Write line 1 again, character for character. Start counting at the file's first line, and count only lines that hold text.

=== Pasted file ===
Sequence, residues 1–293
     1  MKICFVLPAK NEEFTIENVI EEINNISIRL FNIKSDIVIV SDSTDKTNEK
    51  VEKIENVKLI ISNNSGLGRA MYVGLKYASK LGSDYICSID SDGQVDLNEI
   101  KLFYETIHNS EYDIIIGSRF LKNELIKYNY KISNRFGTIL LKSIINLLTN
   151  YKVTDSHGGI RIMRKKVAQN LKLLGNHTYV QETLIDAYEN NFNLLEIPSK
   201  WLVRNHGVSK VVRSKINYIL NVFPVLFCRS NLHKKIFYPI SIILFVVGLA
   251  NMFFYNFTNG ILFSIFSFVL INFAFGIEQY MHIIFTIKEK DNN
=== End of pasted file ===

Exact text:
Sequence, residues 1–293